Ken Roberts: Sell in May and go away
There’s an old stock market saying that refers to the seasonal tendency of the stock market known as “sell in May and go away.” I know I write about it almost every year, but I thought that this year might be an interesting year to take another look at it.
Actually the original saying was, “sell in May and go away and don’t return until Saint Legere’s Day.” The saying goes back to Old England when the stockbrokers took the whole summer off and the stock market was dead during the summer months. Saint Legere’s Day was a very important day because the final horse race of the season was held on that day. After the horse racing season was over the stockbrokers could finally get back to work and the stock market usually rallied.
On average the stock market performs better during the November through April period than May through October. An interesting note here is that while this has been true over long periods in the market, over the last five years the S&P 500 has performed better in the May through October period than the November through April time frame.
Normally May is a positive month for stocks and the S&P 500 has averaged a return of 0.2 percent for the month of May over the long haul.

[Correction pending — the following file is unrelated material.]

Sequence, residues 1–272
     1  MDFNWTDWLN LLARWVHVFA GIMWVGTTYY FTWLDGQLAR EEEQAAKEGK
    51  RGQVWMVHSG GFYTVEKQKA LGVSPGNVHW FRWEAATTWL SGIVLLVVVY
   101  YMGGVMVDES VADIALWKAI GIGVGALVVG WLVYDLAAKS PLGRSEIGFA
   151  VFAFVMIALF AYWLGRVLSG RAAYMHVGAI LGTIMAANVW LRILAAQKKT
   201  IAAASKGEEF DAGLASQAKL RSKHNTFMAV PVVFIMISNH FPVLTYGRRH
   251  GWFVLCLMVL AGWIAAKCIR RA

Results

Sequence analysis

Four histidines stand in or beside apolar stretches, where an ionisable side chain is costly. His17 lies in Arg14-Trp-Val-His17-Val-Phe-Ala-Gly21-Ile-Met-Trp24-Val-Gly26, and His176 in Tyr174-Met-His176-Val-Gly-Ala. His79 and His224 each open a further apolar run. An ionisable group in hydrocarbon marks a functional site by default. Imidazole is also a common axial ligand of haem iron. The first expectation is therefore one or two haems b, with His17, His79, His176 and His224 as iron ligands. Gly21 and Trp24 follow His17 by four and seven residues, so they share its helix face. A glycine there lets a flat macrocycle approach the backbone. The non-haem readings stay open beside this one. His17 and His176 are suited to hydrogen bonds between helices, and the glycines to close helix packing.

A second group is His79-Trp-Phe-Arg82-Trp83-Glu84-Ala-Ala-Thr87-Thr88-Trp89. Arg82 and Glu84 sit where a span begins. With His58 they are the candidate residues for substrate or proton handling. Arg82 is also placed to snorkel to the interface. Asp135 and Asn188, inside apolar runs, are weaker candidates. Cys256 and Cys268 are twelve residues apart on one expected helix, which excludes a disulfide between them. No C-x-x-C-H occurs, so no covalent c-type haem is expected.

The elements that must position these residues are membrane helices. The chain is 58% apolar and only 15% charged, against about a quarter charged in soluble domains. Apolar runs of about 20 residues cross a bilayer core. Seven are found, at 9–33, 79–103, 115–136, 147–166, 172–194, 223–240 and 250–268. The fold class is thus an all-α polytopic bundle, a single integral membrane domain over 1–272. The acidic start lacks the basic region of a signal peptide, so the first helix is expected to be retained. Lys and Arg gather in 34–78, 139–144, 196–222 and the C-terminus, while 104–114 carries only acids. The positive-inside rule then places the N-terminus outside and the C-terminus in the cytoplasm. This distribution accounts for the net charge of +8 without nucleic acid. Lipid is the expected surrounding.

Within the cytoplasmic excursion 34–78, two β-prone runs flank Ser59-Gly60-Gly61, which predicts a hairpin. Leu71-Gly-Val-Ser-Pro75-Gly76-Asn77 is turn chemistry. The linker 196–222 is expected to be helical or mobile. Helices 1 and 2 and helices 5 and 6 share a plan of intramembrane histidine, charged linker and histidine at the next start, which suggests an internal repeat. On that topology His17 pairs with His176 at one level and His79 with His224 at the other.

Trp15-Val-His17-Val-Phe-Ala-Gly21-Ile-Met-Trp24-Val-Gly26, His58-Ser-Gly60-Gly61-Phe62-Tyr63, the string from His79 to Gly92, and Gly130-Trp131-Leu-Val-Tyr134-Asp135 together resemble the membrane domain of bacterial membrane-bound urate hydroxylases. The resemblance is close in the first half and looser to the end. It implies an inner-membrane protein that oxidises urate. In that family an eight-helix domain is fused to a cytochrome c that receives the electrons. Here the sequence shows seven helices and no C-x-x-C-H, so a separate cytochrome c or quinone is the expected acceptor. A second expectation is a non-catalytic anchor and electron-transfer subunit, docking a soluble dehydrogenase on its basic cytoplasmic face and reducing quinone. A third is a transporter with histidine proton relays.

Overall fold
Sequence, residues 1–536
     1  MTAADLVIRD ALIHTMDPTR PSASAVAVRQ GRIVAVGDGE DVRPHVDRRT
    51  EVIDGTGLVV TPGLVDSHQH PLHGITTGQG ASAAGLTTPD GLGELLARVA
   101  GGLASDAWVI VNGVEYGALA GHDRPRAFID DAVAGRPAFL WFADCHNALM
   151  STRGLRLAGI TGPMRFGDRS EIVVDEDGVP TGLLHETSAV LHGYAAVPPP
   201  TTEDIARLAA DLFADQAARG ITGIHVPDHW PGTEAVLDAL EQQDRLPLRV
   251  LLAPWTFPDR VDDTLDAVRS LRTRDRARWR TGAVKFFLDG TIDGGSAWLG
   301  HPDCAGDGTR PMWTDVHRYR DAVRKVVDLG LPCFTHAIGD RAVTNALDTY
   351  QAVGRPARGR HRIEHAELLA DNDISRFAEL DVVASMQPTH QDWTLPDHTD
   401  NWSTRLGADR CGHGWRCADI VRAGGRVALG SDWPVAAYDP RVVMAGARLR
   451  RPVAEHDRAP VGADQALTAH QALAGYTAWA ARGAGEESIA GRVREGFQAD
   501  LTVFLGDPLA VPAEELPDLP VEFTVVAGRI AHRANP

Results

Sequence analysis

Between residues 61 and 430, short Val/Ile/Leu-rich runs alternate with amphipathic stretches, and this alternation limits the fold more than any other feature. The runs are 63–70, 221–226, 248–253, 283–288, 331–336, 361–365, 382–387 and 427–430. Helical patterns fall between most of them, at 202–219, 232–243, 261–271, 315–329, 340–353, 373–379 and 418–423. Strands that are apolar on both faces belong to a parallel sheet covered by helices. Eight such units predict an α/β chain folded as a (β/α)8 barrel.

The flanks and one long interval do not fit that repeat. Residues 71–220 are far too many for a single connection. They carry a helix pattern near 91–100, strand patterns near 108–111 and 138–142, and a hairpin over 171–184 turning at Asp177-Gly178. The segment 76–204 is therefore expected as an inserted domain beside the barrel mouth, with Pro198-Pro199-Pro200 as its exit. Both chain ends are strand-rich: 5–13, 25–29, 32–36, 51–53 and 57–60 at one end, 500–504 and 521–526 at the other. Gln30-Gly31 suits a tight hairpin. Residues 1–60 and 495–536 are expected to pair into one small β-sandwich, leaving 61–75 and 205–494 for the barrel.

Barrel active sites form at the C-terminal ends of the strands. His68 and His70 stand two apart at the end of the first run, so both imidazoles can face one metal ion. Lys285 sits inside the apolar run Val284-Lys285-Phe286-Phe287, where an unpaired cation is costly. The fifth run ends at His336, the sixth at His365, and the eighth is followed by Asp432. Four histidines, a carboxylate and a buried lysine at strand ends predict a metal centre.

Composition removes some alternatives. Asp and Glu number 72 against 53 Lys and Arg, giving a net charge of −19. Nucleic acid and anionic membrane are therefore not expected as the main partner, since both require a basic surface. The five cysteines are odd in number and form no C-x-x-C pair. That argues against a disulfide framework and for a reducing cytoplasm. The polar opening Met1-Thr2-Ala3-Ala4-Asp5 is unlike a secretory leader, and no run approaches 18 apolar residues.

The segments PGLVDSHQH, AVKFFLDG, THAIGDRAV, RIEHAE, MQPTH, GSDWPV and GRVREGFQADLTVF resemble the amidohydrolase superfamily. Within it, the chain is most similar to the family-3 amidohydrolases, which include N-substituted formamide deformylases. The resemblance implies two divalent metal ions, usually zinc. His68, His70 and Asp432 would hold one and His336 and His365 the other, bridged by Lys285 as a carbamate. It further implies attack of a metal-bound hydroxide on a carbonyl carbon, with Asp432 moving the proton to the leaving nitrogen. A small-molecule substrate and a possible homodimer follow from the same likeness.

There’s another stock market cycle that is analyzed which is known as the Presidential cycle. Typically the mid-term years of a president’s term are the worst for the market as the administration may make changes that impact the market without being overly concerned about market performance. The market has a tendency to perform better in the year prior to the election as the administration will be focused on market performance as a way to generate votes.
The S&P 500 has declined an average of -0.9 percent during the month of May during the mid-term of a presidential cycle. The Dow Jones Industrial Average and the NASDAQ have similar performance for the month of May. The Dow Jones declines an average of -0.7 percent during mid-term Mays and overall drops only -0.02 percent in the month of May. The NASDAQ usually rises 0.9 percent during May, but has fallen an average of -1.2 percent in mid-term years.
Most investors should invest for the long haul and not be overly concerned about seasonal tendencies. The market will go through cycles of volatility routinely.
Kenneth Roberts is a Truckee-based Registered Investment Advisor. Information is at his blog at http://www.sellacalloption.com or 775-657-8065. The mention of securities should not be considered an offer to sell or solicitation to buy investments mentioned. Consult your investment professional to understand the risks and/or how the purchase or sale of these investments may be implemented to meet your investment goals. Past performance is no guarantee of future results.
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